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PROCEEDINGS OF THE SIXTH INTERNATIONAL CONFERENCE ON ENGINEERING COMPUTATIONAL TECHNOLOGY
Edited by: M. Papadrakakis and B.H.V. Topping
An Engineered System of Care: Body Mass Index and Body Mass Distribution Index Changes with Scaled Activity Plan
J. DeGroat1, J. Duane2, J. Moeller3 and W. Conway4
1Department of Electrical Engineering, 2Department of Civil Engineering,
J. DeGroat, J. Duane, J. Moeller, W. Conway, "An Engineered System of Care: Body Mass Index and Body Mass Distribution Index Changes with Scaled Activity Plan", in M. Papadrakakis, B.H.V. Topping, (Editors), "Proceedings of the Sixth International Conference on Engineering Computational Technology", Civil-Comp Press, Stirlingshire, UK, Paper 157, 2008. doi:10.4203/ccp.89.157
Keywords: aerobic exercise, biomedical engineering, body mass index, body mass distribution index, type 2 diabetes, body building.
The Deep South Diabetes Program (DSDP) found that tracking patient progress is essential to achieving and sustaining targeted results over time. The DSDP developed a system that tracks up to eighteen different variables, displays these variables as a function of time, and computes the distance to targeted values so that patients and healthcare providers both can quantify and visualize progress in treatment of type 2 diabetes mellitus (type 2 DM). Most of the eighteen variables relate in some way to physical activity and resultant changes a patient's health profile. The scale reported here is the basis for quantifying physical activity related to changes in the body mass index (BMI) and body mass distribution index (BDI) which are two of the eighteen tracked variables.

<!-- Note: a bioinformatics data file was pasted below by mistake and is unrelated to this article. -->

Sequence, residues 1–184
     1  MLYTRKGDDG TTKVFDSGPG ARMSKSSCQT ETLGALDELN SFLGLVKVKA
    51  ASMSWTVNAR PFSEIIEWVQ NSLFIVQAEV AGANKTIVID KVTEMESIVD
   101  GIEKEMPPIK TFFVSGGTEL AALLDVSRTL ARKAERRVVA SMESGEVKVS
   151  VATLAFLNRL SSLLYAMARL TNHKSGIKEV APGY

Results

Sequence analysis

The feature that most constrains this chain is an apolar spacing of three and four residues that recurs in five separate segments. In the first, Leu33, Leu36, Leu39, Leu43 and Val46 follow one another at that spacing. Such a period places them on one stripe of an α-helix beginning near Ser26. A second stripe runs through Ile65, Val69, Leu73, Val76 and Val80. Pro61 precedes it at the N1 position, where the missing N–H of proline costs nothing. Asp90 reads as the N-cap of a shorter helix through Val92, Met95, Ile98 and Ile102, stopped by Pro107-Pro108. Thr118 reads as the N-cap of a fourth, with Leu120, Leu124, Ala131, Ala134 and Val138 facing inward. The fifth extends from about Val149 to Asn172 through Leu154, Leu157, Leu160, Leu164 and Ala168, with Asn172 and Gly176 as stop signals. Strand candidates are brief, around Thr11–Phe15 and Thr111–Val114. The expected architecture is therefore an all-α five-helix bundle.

The objective of this work is a physical activity program and point scale for pre-entry level and sustained aerobic activities and strength training; and, a graphic display that assists participants in determining point values of activity options. The physical activities in this program all are within the scope of daily living.
The paper begins by focusing on the point system of the Air Force aerobics program that was utilized in the 1970s and 1980s . Systems, that have been developed and used since that time, have simply served to validate the Air Force system. Another numerical point scale was developed for aerobic and strength training programs by Dr. Simon of The Harvard University Medical School . Each of these two programs assigns numerical values to various forms of physical activities based on their aerobic benefit. The two programs have point scales that are different primarily in magnitude. Graphs are presented that demonstrate the basis of the point systems. Point values for various recreational activities are also presented.
A common scale named the DSDP scale was generated. Points from the Harvard program are converted to DSDP points by a multiplying factor of 0.05; and, the Air Force program points are converted to DSDP points by a multiplying factor of 3.3334. Goals for patients using the DSDP are set by the physician between 1 and 100 points per week.
The paper concludes with two proposed entry level programs to introduce activity into a sedentary lifestyle. This program is intended to provide patients with the tools for the development of a healthier lifestyle. Use of these tools in the setting of shared medical appointments is intended to provide sufficient incentive and peer support for a person to strive to attain the point goals set each week under the program.
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